As long as Cheap Trick keeps tricking, the assumption is that they'll put out records mainly as a way to garner label support for their endless touring. More than three good tunes per record now qualifies as a success, which makes Special One a smash. The opener, "Scent of a Woman," is a classic rocker that ought to find a permanent place on the band's live playlist. Most of the lyrics seem intended as a one-night-stand-man's now-wizened view of women, though Robin Zander, voice still strong, sings more about the taste and smell of women than such trifling things as, oh, brains and talent.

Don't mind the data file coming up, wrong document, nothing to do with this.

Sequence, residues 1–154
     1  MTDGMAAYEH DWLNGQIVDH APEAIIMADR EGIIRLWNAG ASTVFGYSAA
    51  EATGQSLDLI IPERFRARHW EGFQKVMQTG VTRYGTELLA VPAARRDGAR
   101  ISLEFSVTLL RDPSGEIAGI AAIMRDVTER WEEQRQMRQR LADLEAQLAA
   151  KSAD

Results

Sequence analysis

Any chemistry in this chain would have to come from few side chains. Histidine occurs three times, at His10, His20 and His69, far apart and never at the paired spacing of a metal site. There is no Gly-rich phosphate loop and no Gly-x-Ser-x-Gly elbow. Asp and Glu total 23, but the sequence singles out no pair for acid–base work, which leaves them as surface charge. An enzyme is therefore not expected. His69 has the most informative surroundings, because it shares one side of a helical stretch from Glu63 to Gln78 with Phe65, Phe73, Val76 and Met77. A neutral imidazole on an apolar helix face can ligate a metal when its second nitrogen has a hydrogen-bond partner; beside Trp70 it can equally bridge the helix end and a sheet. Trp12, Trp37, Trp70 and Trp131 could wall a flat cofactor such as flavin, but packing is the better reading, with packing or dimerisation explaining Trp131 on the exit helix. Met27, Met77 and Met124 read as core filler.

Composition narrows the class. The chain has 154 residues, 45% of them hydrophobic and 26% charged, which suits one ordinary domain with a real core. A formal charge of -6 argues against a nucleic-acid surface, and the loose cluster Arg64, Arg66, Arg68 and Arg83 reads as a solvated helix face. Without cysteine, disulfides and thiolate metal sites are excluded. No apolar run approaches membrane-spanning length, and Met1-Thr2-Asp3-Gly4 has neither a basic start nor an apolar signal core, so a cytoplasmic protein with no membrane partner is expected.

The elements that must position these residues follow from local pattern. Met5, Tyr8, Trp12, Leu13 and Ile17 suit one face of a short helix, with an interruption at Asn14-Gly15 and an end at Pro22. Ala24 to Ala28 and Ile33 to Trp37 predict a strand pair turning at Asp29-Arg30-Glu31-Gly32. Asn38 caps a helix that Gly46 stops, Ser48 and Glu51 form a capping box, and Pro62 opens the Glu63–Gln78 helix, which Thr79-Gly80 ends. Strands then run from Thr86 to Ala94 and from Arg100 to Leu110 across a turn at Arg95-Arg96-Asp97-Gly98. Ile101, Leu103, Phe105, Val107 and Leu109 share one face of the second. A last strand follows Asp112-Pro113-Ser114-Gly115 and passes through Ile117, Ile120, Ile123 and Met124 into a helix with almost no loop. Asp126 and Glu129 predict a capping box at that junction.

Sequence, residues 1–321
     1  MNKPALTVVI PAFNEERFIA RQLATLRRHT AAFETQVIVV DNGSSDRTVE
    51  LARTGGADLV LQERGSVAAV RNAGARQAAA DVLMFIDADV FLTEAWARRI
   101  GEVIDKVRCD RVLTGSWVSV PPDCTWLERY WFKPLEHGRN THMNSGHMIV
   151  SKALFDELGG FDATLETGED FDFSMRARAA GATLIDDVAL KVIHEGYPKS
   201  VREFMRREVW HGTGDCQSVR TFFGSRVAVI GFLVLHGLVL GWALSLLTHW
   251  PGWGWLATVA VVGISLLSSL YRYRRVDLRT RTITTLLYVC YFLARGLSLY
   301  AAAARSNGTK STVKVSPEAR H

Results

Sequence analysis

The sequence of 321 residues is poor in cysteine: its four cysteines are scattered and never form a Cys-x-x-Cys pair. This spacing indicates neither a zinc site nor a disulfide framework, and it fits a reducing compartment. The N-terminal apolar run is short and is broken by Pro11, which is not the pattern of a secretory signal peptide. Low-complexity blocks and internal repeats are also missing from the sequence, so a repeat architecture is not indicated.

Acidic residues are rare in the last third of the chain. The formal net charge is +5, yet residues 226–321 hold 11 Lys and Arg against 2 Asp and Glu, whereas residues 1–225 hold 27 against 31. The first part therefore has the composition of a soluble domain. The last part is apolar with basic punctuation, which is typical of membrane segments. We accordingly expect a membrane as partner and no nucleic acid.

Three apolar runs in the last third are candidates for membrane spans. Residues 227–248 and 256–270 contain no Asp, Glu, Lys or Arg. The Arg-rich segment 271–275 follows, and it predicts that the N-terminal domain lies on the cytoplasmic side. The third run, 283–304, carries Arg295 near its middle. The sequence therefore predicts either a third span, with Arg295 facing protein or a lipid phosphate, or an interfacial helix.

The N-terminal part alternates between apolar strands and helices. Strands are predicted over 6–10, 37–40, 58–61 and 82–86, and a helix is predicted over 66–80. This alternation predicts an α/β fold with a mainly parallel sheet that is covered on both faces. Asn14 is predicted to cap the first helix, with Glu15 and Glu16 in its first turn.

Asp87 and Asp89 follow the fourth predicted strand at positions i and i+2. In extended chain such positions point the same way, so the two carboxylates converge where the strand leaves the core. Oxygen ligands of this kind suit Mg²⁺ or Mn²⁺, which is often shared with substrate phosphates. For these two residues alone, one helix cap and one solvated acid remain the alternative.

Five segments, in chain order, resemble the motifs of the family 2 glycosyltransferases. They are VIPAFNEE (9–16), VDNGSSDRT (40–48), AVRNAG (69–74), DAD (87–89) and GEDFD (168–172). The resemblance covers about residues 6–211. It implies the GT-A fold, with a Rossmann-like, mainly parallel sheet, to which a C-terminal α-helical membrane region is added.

In addition to its Herculean hold on arrested adolescence, Cheap Trick proves ever-skillful at the task it long ago mastered: beating choruses into the ground until it strikes gold. These days, it more often hits clay, though "Sorry Boy" and "Too Much" are fine examples of the band's candy-coated Who sound. "My Obsession" can trump the latest indie power pop, and "If I Could" employs little electronic touches that actually add melodic twists, rather than coming off like old-guy trend-lagging touchups. Still, this record is packed with midtempo power ballads and a throwaway closer that was obviously tacked on at the last minute. So while Cheap Trick's latest ain't so Special after all, at least it means they'll soon come through town to let you scream along to "Surrender" again.
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